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Topsoil, not sewage, identified as source of Capilano River spill

Long-term environmental impacts are not expected, according to the Ministry of Environment

What was said to be a sewage leak flowing into the Capilano River earlier in March, has now been identified as topsoil.

The District of North Vancouver first reported on Monday, March 6 that sewage was leaving private property and entering the waterway at a storm outfall pipe near the Fullerton Avenue bridge. The Ministry of Environment sent response officers to the site, which was also attended by representatives from local governments. The spill was mitigated with sandbags and pump trucks, as extensive testing was done to determine the cause.

But this week a statement was issued by Wynford Group, the property management company for the adjacent Woodcroft Estates apartment complex, that there was no sewage leak at all. Instead, Wynford said that the issue stemmed from soil – mixed with natural ingredients like manure – from recently completed landscaping work on top of one of the apartment parkades.

“We believe after water sampling and drainage, pipe, and sump pump inspections, that the soil mixed with rainwater made its way through the lines and out to the river,” reads the statement, issued to residents in the Woodcroft complex.

Wynford added that higher levels of ammonia were detected but evaporated once it mixed with the river water. “This is what we believe caused people to think it was sewage water (smell of the manure in the soil) and the yellow appearance that caused the involvement of so many groups and reports in the media.”

'Long-term impacts are not expected,' Ministry of Environment says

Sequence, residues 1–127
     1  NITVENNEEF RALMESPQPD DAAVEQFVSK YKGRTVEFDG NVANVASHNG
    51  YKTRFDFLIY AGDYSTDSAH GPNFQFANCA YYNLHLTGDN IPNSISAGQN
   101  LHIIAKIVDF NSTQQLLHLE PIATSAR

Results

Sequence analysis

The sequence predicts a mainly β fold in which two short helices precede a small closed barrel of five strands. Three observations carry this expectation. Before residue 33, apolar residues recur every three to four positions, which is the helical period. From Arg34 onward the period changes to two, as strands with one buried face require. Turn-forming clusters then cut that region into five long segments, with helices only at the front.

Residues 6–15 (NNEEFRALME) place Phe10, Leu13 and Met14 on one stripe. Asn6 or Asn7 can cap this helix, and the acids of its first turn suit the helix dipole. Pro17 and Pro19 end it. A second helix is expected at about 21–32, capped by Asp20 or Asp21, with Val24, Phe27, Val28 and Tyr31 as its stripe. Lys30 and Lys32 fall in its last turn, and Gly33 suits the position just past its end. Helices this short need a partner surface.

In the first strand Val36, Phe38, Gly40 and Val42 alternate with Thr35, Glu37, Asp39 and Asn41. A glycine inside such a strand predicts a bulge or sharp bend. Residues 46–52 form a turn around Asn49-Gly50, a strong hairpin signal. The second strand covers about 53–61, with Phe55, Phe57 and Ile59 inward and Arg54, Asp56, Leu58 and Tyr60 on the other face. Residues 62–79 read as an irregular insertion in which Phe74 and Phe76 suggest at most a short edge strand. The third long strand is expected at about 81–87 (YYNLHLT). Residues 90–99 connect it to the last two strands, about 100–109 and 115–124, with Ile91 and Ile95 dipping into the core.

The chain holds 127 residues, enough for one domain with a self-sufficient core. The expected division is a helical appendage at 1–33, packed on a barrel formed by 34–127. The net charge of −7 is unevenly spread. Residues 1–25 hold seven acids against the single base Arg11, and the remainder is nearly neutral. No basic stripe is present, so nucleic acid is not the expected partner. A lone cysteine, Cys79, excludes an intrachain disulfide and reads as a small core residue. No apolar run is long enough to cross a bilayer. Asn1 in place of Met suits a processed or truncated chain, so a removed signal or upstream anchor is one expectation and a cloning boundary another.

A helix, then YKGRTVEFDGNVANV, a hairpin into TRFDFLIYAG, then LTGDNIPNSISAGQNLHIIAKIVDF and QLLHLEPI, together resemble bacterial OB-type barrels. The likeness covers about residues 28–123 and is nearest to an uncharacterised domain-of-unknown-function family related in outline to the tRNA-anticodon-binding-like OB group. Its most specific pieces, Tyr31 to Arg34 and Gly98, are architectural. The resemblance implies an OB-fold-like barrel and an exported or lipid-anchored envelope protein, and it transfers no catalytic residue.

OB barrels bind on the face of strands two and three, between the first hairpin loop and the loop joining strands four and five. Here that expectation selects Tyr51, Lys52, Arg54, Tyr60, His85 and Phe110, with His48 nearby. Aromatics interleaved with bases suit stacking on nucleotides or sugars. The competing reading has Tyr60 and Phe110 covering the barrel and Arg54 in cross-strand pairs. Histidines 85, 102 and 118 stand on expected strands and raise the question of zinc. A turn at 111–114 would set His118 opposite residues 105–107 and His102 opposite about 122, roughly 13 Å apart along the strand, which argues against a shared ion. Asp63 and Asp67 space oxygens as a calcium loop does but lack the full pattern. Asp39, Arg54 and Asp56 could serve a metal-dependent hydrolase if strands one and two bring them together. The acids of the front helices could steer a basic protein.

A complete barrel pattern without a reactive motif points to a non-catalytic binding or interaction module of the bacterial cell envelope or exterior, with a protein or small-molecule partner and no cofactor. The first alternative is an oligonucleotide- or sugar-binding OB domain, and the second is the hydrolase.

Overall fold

While the initial smell, visual inspection and water sampling results indicated a sewage leak, the Ministry of Environment has confirmed that extensive smoke and dye testing has found no leaks in the sewage infrastructure.

“Topsoil brought to site for a landscaping project has subsequently been identified as the source of the spill,” the ministry said. “The property owner is committed to removing the topsoil from the property and undertaking necessary flushing and associated clean up once this occurs.

Regarding potential environmental impact – which experts feared would be devastating for local fish populations in the case of a raw sewage leak – the ministry added that manure leachate would have similar potential impacts as sewage.

“However, the levels of nutrients and microbial activity sampled were below water quality guidelines and long-term impacts are not expected,” the ministry said.

The Ministry of Environment said it has communicated expectations for monitoring further impacts with the property owner while plans are made to remove the topsoil.

The ministry added that its officials have met with representatives from Sḵwx̱wú7mesh Úxwumixw (Squamish Nation), who have confirmed that the Nation’s concerns have been addressed and they support the expectations the ministry has set for continued environmental monitoring.

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